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Driver's Ed for Grownups

Sooner or later, even driving know-it-alls find out how much they don't know

Sooner or later, even well-schooled know-it-alls find out how much they don't know.

I learned this at AARP Driver Safety. I also learned a number of ways to avoid killing myself. I never thought I'd attend another driving school, but there I was. Seventeen of us were sitting at classroom desks in the Margaret Sherry Library in Biloxi, Mississippi.

Our instructor for AARP Driver Safety course was Roger Hayes, a cheery and bespectacled fifty-something who would win anyone's Richard Dreyfuss-look-alike contest. A professional driving instructor who does most of his work behind the wheel, Hayes teaches classes just for AARP, and like other AARP instructors, he is a volunteer.

"Why are we all here?" a smiling Hayes asked in his opening remarks, answering his own question: "The discount. Right?"

To a person, my classmates nodded. They were there to get an AARP driving-school certificate so they could extract discounts from their insurers. He made it quickly apparent he intended to teach us things about good driving that just might keep us out of the emergency room. Fatalities per miles driven continue to fall, but traffic accidents still wipe out more than 40,000 Americans each year. Drivers over 65 are involved in more crashes per mile than drivers ages 30 to 64 — and we survive them less well.

Hayes' intentions notwithstanding, I did not expect to add materially to my body of driving knowledge. I've written about cars since the 1970s, and I have attended every imaginable kind of driving school, from racing schools to police schools to an anti-terrorist school. I've written no telling how many columns on bad driving and road-going stupidity. Cars and I are as close as dirt on a mud flap, so how much could I learn?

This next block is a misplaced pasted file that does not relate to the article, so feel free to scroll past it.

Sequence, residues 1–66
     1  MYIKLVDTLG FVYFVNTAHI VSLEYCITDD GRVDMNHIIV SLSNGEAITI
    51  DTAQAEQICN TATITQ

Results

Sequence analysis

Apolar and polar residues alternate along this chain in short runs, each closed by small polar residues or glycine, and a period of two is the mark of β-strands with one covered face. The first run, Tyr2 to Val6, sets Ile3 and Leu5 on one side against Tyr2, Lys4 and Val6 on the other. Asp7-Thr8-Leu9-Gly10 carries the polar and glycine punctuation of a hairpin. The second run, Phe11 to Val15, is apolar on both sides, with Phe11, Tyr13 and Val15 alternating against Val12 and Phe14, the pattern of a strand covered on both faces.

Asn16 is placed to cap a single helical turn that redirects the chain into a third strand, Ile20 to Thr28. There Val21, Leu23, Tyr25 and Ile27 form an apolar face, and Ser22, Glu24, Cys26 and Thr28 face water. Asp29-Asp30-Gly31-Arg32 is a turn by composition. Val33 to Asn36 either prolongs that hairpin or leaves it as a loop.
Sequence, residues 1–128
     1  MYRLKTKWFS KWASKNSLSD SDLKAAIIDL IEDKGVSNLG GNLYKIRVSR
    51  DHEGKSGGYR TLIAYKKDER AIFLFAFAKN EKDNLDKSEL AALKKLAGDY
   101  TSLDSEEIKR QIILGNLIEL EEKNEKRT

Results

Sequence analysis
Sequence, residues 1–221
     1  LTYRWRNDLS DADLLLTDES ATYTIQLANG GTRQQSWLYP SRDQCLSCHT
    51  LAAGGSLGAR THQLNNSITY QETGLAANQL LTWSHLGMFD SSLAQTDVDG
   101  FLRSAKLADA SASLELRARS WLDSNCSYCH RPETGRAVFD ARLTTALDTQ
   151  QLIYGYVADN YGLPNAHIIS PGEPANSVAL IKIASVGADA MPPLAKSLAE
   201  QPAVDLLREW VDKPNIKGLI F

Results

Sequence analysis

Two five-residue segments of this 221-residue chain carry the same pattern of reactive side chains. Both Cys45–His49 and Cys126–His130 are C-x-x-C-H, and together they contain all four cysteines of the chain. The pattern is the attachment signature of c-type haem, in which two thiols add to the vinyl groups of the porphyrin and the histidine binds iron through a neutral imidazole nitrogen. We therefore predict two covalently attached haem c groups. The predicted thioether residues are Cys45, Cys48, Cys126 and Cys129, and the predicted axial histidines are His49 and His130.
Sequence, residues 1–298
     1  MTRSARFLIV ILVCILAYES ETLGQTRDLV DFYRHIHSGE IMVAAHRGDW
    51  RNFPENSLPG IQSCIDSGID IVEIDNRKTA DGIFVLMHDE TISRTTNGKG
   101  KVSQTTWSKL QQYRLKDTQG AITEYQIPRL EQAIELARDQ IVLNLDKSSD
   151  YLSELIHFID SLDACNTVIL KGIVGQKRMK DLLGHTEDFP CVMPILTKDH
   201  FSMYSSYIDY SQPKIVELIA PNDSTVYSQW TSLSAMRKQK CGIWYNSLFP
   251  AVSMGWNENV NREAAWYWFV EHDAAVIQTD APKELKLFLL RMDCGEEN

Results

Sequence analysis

A lot, as it turned out. Once we finished our introductions and welcoming pleasantries, Hayes administered a quiz. I missed six of its 15 questions — which works out to a 60. Where I grew up, a 60 worked out to an F. I felt my ears getting red.

Thankfully, I reflected, no one else knew I was a dunce. We didn't have to turn in the test papers, which were included in our 122-page student workbooks. I resolved to destroy mine on graduation day. We would cover more than 300 workbook bullet points in the two four-hour sessions we spent in the class.

Some rules of the road

Act your age: As time goes by, you undergo subtle physical changes that center around your vision, hearing, and general stamina. Impaired hearing, in particular, is one of life's sure things. It constitutes a clear and present danger to drivers of all ages, and it can quickly combine with diminished concentration and lengthened reaction times to put you in harm's way. "Remember that hearing aids can only make things louder, not clearer," said classmate E. B. Kitchens, a retired, ramrod-straight general who looked as if he could order his ears to work — but who wore hearing aids anyway.

Focus: You are in your vehicle to do one thing: drive. You are not there to eat, drink, do the morning crossword puzzle, or make eye contact with passengers in the rear seat. Hayes and I turned out to have a shared antipathy: cell phones. He dislikes them on principle, because they invade his privacy. I dislike them because I don't want some distracted dimwit driving into my trunk lid while he's talking with his wife's divorce lawyer.

Next: Eight more "rules." >>

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